By Vanessa Cavasinni, editor Australian Hotelier

Publicans and other stakeholders in the Byron Bay area of New South Wales are furious, as Byron Shire Council tries to rush through an ‘air tax’ on commercial balconies.

Byron Shire held a Council meeting yesterday to discuss a ’Road Airspace Policy’ that would impose a per-square-metre fee for commercial use of a balcony if it extends from a building into the “airspace” over a road or footpath.

Amendments to the Airspace Policy were placed on public exhibition between 18 May and 15 June, and AHA NSW Director of Liquor and Policing John Green criticised Council, which is seen as rushing through the controversial retrospective policy, just a week after submissions were due in on the issue.

“It is outrageous council would rush through a retrospective tax on balconies attached to local businesses without proper consultation with those affected,” he said.

“Council needs to put its retrospective tax on air on hold until it undergoes a proper consultation process. What’s the sudden rush?”

At the Council meeting yesterday it was recommended that the amended policy be adopted, but whether that has happened or not is still unclear. A source has suggested that the matter has been deferred to allow for further consultation, following outcry from existign parties.

Green said hoteliers in the Byron area have either purchased or entered into long-term leases based on existing use approvals and cost considerations.

“Where an existing balcony was in place, the value has already been reflected in the purchase price paid or rental figure agreed,” he said.

“To now face an additional and unexpected fee for the use of this balcony space is ridiculous. For many local small businesses already operating on tight margins, such an overhead will be unaffordable.

“Our advice is that the legality of this move, particularly in regard to the retrospective nature of the tax grab, is questionable.

“This issue is of vital importance to our members and needs to be addressed.”

Speaking to Australian Hotelier yesterday, Brendan Lawless, owner of The Middle Pub in Mullumbimby – which has an extensive balcony area – said that publicans in the area were protesting the proposed changes, with the help of AHA NSW.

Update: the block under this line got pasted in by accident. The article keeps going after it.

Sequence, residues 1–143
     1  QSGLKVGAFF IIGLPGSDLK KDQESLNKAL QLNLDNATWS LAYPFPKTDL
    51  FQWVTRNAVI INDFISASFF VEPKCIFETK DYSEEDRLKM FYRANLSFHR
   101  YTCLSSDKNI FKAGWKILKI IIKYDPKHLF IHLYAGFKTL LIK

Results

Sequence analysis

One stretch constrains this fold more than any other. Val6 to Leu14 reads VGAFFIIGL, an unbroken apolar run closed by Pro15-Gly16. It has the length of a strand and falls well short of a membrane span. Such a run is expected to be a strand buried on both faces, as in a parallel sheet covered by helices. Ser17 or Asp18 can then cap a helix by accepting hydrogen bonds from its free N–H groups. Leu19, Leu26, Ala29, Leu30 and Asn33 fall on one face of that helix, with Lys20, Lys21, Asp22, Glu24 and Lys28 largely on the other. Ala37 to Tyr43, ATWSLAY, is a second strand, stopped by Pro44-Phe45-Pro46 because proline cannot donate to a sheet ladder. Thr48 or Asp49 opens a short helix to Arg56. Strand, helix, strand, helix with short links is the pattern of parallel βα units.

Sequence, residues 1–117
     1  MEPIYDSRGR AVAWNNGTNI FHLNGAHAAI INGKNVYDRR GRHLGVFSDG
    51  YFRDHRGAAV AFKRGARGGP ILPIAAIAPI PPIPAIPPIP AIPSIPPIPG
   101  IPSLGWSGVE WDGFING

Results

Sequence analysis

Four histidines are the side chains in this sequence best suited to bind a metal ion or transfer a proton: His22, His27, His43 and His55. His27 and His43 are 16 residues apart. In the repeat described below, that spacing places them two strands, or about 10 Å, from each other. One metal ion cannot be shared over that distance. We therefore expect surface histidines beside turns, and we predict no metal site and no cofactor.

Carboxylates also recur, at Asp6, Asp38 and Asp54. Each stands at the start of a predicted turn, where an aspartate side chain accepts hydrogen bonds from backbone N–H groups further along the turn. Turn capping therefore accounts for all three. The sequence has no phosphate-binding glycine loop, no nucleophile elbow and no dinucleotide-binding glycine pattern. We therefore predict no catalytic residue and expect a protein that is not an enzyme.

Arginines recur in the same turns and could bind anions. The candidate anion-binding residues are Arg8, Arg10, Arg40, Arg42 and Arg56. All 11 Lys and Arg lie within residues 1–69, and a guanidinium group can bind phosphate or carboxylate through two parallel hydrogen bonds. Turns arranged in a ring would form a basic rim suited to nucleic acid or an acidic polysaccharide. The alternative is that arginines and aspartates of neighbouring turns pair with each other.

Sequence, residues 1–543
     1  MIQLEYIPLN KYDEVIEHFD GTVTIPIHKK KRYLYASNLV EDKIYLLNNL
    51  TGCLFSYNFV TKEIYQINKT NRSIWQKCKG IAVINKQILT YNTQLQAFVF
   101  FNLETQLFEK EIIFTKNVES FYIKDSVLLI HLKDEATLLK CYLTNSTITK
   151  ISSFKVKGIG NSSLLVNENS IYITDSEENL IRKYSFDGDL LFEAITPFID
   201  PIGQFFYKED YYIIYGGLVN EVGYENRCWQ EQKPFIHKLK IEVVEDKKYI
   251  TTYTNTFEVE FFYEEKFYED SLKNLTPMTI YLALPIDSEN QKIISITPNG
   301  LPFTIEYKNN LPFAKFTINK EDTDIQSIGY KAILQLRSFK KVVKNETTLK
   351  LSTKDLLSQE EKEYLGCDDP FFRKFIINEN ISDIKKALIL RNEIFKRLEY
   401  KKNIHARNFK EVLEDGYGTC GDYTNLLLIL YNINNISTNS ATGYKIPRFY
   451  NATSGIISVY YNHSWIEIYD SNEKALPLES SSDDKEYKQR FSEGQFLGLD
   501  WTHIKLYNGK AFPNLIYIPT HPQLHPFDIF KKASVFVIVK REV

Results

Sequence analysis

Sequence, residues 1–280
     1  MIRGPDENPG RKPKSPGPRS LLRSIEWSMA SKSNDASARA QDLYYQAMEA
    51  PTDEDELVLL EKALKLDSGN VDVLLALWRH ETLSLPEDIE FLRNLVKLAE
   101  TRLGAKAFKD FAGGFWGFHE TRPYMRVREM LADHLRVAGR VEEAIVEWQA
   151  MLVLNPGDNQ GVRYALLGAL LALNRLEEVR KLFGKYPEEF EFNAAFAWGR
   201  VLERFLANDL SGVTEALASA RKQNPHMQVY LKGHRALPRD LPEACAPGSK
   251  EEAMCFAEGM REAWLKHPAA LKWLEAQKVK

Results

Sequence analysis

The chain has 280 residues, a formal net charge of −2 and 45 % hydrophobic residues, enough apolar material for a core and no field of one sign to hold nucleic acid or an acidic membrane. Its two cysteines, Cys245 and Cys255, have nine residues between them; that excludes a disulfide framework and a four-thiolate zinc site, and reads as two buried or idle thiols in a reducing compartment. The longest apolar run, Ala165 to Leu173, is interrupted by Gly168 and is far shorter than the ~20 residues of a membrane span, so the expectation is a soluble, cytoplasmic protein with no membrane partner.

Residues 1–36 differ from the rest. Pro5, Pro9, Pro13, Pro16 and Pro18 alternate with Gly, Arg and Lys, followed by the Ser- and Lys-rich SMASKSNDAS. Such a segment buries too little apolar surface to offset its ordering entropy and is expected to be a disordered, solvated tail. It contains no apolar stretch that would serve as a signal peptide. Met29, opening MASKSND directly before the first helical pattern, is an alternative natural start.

“At this stage it is only a proposal, we are vigorously fighting due to its unfairness and what looks like unlawfulness.”

Larger consequences

Operators in other local council areas will be watching what unfolds with the airspace policy amendments closely, as other councils in the state may decide that a similar policy could be a way of adding to their coffers.

Lorraine Barlow is the co-owner of Eltham Pub in the nearby Lismore LGA, and is perturbed by the proposed air tax, and the knock-on effects it could have.

“We are most disturbed to hear of this tax as we all work within our communities to keep people working and this tax will impact heavily on employment.

“Many owners in hospitality are finding that it is difficult to find wages as it is, so I know that they are taking shifts themselves to cover costs and this puts a young person out of a possible job.

Barlow continued: “The alternative of shutting down the space makes a business very vulnerable when it is unable to maximise space.

“I see this move on the part of Byron Council pushing business out of the shire to areas such as Ballina and Lennox Head. People come to the Northern Rivers to take in sea and sun not to sit indoors, so they will go where the relaxed lifestyle is available.”

TheShout has reached out Byron Shire Council to clarify the status of the policy, but has not heard back at the time of publication.  

The Shout Team

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1 Comment

  1. So I gather that the lease agreements require the tenants to pay the rates. That shouldn’t be legal. Banning it is a matter for the State Parliament.

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